How to Participate

Permitting conducted by the Minnesota Public Utilities Commission (Commission) for new energy facilities depends on public participation.  Though permitting processes vary depending on the type and size of energy facility being proposed, there are public participation opportunities that are common to all processes.  People who use these opportunities can make a difference in whether a facility is built, where it's built, and how it's built.     

 

Understanding the Permitting Process

The State of Minnesota has established a policy of locating energy facilities in an orderly manner compatible with environmental preservation, sustainable development, and efficient use of resources.  The Minnesota Public Utilities Commission is responsible for locating and permitting energy facilities in Minnesota.  When a utility or other energy developer wants to build a transmission line, power plant, wind farm or pipeline, they apply to the Commission for a permit.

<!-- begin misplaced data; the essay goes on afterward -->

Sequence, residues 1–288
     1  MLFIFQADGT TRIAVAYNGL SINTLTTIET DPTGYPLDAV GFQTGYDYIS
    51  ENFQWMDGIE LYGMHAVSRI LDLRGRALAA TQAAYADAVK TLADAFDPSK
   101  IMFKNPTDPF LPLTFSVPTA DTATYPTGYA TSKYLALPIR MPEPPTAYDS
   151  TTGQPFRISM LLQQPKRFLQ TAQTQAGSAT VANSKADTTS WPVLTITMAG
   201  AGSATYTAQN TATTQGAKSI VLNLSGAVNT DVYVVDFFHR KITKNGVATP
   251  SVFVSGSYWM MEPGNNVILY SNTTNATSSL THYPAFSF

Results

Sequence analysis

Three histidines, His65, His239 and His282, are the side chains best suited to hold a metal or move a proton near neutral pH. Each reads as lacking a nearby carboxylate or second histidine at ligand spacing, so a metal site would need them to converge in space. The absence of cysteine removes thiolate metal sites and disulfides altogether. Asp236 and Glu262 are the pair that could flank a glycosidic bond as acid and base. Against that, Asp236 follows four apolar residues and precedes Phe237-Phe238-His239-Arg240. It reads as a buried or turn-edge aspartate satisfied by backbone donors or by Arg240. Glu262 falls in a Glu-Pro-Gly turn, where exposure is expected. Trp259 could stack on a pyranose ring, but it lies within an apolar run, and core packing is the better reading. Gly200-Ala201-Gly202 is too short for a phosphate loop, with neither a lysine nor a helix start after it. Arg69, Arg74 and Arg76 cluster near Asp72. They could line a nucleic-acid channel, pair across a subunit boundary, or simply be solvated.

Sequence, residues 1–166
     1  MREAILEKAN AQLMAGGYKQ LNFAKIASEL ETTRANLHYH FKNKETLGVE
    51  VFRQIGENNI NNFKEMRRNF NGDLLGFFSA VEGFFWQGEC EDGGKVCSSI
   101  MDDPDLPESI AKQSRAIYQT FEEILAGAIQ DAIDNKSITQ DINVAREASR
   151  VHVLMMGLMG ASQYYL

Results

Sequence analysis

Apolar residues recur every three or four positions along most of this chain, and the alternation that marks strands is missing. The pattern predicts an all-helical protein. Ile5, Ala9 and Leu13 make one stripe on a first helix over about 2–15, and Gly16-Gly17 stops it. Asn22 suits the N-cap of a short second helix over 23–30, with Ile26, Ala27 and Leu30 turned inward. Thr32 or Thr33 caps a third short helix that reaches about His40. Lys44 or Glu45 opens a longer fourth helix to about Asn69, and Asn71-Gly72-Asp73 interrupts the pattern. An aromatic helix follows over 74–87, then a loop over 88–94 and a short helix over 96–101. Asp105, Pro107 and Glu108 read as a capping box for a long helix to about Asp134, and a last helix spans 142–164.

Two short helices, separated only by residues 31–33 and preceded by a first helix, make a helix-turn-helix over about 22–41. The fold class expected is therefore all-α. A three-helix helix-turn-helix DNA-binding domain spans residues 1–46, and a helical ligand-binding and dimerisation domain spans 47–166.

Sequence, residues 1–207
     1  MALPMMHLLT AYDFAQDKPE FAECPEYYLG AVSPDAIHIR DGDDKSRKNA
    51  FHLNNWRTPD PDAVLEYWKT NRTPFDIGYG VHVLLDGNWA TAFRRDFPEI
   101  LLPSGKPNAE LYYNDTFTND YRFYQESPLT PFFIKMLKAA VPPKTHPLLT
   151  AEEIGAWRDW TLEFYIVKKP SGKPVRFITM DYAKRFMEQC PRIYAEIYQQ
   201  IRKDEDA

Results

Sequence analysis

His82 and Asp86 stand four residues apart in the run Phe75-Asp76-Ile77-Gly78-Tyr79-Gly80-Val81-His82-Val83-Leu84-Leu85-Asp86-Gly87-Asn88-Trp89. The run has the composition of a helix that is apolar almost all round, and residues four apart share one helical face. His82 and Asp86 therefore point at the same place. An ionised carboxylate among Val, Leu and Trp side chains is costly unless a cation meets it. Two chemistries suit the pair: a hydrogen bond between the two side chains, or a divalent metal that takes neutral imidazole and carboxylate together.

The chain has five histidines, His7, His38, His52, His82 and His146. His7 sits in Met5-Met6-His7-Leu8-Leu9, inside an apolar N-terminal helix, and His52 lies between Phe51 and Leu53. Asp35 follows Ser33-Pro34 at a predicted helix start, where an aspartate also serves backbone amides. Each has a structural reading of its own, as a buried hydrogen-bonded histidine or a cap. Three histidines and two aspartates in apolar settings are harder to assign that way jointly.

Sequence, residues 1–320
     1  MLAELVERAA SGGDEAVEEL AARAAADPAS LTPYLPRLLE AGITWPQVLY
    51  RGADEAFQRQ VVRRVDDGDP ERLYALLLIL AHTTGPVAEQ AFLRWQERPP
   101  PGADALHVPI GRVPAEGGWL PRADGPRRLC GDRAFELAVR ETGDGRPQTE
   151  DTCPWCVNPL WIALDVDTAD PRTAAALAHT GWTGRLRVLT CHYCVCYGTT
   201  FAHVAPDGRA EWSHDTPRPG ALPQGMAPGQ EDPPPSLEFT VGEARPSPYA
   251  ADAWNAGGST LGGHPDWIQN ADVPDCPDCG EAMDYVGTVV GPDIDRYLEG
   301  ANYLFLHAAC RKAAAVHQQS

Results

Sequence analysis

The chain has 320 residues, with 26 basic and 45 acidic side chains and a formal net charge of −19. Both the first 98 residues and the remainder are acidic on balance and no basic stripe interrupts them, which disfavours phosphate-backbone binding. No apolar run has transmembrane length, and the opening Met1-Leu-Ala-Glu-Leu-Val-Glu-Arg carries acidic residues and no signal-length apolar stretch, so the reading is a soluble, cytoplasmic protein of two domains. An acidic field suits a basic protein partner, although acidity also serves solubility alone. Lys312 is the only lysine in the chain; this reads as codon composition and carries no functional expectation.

The Commission has a challenging job — it must determine whether a proposed energy facility should be built, the most appropriate location for the energy facility, and appropriate conditions on its construction and operation.  To help them make the best decisions, the Commission offers several opportunities for people and agencies to provide input and feedback during the permitting process.  

The Commission relies primarily on two state agencies to gather and analyze public input — the Department of Commerce (Department) and the Office of Administrative Hearings (OAH).  These agencies gather public input and develop a record of this input which is then submitted to the Commission.  The Commission uses this record to make a final permitting decision.

After the public hearing, the ALJ will write a report for the Commission.  The report generally includes findings, conclusions, and recommendations regarding the proposed project.